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Staying Safe Online for Students: How to protect yourself

Watch out for scams and malicious software

Criminals will pretend to be someone that you know and trust:

  • Your bank
  • The government
  • A well-known charity

Be wary of any request to obtain your money, personal information or password.

Contact the institution directly instead of responding to an email, text message or phone call that could be fraudulent.

Do not open attachments or click on links in suspicious emails or messages. Doing so may run malicious software on your device.

Set up automatic backup

Set up automatic backup to copy your important files and assignments to a separate location.

If a disaster happens and you lose your files, you have a backup that can be restored.

Enable automatic updates on operating systems, anti-virus and other software

No software product is perfect.

Enable automatic updates to fix security flaws and bugs as they are discovered.

Use passphrases

Passphrases, series of words totalling 20 to 30 characters, are more secure and easier to remember than traditional passwords.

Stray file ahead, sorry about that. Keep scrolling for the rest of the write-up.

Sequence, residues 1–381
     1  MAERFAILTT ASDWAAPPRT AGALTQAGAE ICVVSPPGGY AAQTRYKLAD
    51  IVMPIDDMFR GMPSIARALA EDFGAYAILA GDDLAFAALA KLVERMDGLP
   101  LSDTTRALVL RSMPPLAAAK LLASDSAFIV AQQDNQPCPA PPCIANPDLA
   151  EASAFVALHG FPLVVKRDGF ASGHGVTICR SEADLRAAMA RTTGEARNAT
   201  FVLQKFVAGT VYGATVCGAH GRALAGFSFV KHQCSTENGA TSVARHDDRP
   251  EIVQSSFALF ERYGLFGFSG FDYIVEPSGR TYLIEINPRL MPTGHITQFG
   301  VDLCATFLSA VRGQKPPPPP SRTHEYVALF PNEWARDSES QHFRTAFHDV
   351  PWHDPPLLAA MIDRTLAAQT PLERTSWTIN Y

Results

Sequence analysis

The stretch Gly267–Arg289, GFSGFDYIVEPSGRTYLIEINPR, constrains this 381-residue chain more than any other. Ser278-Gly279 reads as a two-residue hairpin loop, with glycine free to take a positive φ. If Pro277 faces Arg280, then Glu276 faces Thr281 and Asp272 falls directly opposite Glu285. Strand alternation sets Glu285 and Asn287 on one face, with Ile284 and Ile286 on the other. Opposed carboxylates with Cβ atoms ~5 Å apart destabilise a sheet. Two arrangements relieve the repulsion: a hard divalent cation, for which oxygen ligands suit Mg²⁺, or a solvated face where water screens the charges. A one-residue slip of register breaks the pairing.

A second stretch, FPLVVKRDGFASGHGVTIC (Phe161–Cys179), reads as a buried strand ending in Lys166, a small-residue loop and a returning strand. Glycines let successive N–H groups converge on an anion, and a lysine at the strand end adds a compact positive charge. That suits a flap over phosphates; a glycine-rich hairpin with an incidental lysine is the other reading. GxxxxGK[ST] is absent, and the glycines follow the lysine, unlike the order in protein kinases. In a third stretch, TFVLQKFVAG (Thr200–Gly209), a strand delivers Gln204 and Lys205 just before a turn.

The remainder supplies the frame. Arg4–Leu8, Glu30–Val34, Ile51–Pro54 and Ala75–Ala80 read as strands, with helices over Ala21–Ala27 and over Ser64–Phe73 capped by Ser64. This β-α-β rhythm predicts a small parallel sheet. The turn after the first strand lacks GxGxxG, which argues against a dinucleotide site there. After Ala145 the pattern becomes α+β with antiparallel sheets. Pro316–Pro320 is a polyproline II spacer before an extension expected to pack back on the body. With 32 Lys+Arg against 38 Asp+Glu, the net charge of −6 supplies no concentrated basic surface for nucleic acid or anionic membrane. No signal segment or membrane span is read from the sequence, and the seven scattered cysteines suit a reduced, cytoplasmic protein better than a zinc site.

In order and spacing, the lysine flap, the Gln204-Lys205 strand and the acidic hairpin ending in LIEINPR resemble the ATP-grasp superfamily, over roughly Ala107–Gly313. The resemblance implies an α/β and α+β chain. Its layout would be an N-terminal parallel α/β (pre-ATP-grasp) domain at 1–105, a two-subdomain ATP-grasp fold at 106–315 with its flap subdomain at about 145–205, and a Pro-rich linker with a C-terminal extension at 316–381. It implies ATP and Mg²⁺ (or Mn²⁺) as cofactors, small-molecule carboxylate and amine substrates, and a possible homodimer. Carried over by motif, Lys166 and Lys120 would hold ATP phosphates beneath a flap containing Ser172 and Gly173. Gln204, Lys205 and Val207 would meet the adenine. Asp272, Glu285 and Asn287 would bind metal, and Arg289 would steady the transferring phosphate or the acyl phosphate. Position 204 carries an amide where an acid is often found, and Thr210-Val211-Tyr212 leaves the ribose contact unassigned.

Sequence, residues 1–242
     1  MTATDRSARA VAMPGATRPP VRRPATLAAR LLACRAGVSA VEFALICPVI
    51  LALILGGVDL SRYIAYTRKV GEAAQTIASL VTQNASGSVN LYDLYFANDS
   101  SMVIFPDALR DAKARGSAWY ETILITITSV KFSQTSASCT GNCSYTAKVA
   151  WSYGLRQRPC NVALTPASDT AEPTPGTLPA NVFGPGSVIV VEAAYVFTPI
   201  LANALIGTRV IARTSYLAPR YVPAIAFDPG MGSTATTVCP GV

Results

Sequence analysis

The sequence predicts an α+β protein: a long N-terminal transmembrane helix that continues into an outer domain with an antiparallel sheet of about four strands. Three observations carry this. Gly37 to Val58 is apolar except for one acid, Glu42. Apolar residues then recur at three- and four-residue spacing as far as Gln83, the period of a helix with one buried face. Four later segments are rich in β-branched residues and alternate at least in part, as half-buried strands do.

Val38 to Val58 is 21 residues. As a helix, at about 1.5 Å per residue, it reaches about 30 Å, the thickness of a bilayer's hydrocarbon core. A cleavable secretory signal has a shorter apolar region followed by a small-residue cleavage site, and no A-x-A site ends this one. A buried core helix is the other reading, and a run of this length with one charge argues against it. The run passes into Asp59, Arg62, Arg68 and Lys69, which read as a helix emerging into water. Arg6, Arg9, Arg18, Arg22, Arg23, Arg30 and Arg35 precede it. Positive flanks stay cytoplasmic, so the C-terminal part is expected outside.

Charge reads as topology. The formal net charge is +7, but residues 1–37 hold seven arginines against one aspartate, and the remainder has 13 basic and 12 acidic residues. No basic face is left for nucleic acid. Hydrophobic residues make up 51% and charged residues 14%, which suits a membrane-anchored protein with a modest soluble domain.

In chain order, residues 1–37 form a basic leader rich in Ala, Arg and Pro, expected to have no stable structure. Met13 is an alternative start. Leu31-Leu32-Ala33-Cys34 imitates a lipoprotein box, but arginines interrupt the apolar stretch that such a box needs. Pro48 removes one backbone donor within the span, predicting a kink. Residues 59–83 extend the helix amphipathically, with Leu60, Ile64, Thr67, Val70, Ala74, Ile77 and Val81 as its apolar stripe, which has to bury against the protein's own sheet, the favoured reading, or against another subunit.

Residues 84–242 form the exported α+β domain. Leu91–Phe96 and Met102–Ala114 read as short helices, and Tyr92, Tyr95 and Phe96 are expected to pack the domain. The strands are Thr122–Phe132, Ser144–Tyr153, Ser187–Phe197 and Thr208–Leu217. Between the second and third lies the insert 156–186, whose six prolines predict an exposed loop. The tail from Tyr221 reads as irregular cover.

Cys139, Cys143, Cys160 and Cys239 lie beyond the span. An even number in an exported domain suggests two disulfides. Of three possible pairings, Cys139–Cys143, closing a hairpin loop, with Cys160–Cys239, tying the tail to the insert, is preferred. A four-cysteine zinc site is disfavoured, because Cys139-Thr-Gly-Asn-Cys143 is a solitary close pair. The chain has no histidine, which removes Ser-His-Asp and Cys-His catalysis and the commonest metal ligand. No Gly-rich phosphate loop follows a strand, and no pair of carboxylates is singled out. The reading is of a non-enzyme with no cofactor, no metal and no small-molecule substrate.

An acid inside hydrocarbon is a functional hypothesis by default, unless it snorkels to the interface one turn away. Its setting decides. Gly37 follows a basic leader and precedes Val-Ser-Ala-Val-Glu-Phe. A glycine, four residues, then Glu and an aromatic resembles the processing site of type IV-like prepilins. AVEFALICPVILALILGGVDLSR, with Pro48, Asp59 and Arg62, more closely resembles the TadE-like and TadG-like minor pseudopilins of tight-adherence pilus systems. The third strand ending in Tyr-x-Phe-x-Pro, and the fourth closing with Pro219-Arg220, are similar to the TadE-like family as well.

Create unique passphrases for your logins. If one passphrase is compromised, your other ones remain secure.

Password managers can save your passphrases if you have trouble remembering them all.

Enable encryption

Enable encryption where available. If criminals intercept or access your files, they are unreadable when encrypted.

Use multi-factor authentication

Multi-factor authentication means providing two or more ways to confirm your identity before you gain access.

For example, to use a bank ATM, you need two factors: your bank card and your PIN.

Enable multi-factor authentication to add an extra layer of security.

Lock your devices

Operating systems like Windows, MacOS, Android and iOS allow you to lock your phone or computer when you are not using it to prevent unauthorised access.